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Cookies Statement and Privacy Statement

We use strictly necessary cookies to make our site work. We would also like to set optional cookies (analytical, functional and YouTube) to enhance and improve our service. You can opt-out of these cookies. By clicking “Accept All Cookies” you can agree to the use of all cookies.

Cookies Statement and Privacy Statement

Legislative Requirements

Data Protection Act 2018

Maintaining privacy and confidentiality of Service User information is a basic principle of the feedback process. It is the role of all HSE staff to ensure that privacy and confidentiality is maintained. The Data Protection Act 2018 and the General Data Protection Regulation place an obligation on the HSE and staff to safeguard the right of individuals in relation to the processing of their personal data.

Processing means performing any operation or set of operations on data, including: obtaining, recording or keeping data, collecting, organising, storing, altering or adapting the data; retrieving, consulting or using the data; disclosing the data by transmitting, disseminating or otherwise making it available; aligning, combining, blocking, erasing or destroying the data.

Personal data is defined as data relating to a living individual who is or can be identified either from the data or from the data in conjunction with other information that is in, or likely to come in to the possession of the data controller.

Under the Data Protection Act, personal information should only be used or disclosed for the purpose for which it was collected for or another directly related purpose.

The Freedom of Information Act 2014

The Freedom of Information Act confers on all persons the right of access to information held by public bodies, to the greatest extent possible, consistent with the public interest and the right to privacy. It is imperative that all staff are cognisant of the right of the Service Users to access any information held by the HSE in relation to the management of their feedback. Therefore, staff must ensure that they adhere to the principles of the Freedom of Information Act, that consent to access patient confidential information is obtained where required and that decisions made during the feedback process are supported by facts and evidence.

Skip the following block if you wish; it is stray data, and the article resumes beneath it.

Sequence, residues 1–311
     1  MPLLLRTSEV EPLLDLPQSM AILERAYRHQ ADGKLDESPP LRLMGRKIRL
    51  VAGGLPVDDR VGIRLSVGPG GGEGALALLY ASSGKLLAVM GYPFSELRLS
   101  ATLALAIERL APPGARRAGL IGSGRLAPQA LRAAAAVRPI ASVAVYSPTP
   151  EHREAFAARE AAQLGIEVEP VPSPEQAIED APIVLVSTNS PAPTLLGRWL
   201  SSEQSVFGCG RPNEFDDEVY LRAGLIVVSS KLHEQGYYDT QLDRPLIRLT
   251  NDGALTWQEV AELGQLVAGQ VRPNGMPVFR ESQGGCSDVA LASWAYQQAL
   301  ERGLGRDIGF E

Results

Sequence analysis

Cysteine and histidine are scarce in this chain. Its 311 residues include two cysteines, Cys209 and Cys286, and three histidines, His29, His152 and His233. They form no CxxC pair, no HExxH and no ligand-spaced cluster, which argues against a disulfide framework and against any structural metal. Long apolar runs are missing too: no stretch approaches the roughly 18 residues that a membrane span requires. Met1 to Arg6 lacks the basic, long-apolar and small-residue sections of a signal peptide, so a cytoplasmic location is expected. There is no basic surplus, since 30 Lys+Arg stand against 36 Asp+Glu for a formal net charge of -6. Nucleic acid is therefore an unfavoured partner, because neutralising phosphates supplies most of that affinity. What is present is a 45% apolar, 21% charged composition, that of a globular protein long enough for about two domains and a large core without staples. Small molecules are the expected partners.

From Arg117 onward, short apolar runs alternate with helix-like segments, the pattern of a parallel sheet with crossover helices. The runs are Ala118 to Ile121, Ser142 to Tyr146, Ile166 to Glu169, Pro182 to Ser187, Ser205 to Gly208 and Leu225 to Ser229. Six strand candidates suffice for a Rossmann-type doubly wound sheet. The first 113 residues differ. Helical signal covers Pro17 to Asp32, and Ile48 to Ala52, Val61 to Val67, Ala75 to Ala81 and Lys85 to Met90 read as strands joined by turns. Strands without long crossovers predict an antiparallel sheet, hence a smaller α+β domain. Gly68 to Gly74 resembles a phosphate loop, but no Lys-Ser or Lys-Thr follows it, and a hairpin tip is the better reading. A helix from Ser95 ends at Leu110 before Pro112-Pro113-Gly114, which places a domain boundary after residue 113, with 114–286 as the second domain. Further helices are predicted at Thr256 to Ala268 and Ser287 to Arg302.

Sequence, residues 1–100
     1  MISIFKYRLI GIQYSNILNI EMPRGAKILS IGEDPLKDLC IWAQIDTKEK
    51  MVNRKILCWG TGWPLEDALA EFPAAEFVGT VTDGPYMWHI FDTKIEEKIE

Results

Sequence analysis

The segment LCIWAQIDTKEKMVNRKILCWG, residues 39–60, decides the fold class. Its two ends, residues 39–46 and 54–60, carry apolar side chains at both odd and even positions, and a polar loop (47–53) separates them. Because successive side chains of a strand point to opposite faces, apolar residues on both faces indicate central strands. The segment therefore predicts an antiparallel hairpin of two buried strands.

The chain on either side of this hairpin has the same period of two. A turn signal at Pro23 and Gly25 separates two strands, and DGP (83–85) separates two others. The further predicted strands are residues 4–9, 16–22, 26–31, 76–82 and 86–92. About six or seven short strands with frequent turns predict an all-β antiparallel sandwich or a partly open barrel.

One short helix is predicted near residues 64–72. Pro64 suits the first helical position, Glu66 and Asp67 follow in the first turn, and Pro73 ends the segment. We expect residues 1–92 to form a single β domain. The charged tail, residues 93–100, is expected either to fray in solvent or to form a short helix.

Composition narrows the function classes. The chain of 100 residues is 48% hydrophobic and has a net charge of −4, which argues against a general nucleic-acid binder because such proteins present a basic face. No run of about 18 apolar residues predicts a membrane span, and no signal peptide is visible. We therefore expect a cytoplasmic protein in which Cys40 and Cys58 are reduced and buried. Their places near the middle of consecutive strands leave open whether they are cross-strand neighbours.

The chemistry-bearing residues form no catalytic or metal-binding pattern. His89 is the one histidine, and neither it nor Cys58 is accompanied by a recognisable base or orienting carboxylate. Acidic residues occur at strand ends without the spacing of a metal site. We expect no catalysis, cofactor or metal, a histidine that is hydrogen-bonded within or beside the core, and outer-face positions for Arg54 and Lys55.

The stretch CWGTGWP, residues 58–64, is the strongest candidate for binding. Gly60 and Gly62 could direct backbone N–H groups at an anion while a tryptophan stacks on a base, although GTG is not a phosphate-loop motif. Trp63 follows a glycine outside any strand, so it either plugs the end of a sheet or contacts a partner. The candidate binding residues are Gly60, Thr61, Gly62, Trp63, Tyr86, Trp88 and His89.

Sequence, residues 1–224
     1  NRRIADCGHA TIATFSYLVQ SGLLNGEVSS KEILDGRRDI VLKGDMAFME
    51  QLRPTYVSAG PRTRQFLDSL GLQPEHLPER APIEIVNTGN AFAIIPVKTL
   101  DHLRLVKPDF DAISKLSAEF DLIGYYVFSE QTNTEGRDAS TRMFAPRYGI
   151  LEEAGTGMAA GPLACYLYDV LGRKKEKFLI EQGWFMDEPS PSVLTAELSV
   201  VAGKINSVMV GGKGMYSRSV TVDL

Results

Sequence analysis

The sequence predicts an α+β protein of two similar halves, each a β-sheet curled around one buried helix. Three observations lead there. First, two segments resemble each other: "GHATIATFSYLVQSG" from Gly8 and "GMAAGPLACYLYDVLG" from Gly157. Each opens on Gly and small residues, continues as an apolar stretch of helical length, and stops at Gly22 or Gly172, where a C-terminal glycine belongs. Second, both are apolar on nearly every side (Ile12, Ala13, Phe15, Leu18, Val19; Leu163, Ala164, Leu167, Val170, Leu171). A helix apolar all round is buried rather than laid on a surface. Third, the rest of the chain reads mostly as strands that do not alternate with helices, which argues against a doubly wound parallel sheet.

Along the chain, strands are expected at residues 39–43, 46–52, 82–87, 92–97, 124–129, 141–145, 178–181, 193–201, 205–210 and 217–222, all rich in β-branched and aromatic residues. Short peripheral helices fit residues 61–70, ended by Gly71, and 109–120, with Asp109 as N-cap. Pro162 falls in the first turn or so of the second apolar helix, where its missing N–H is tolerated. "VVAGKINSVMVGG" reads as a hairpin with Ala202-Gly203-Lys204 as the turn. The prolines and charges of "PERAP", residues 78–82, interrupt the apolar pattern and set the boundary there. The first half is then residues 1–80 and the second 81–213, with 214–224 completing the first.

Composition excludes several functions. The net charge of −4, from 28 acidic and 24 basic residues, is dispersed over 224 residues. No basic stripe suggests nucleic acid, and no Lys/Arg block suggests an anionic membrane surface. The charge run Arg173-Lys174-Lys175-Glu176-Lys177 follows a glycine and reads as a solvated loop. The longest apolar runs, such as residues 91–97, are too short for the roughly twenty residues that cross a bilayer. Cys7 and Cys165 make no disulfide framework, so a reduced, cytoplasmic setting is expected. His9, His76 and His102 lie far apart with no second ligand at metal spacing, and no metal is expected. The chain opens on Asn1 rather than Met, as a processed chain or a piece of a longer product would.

The Freedom of Information Act 2014 also contains two further statutory rights which may arise where a complaint investigation report has been provided to the Complainant. These rights are:

  • Have personal information amended where such information is incomplete, incorrect or misleading.
  • Be given reasons for decisions taken by public bodies that affect them.

Consent and Confidentiality

Service users must be assured that their feedback and their personal details will be treated in confidence to the greatest extent possible consistent with the public interest and the right to privacy. Feedback data required for reporting and statistical purposes will be anonymised and all identifiable data will be removed.

However, where the screening and /or investigation of feedback indicates that there is a requirement to disclose some or all details, e.g. where there is evidence of abuse that must be reported in accordance with the Children First Guidelines, the Service User will be informed immediately and the information will be directed to the appropriate service.

Access to Personal Confidential Information

For the purpose of accessing Service User confidential information as part of the investigation of a complaint, the HSE must ensure that it has the consent of the Complainant to do so. If a person is making a complaint on behalf of another, then that person’s consent must be established. Please see the National Consent Policy for further information

Consent may be obtained in three ways:

  1. HSE Your Service Your Say Feedback Leaflet - The Service User may give consent on the HSE feedback leaflet. This provides the HSE with permission to access Service User confidential information where needed to investigate a complaint.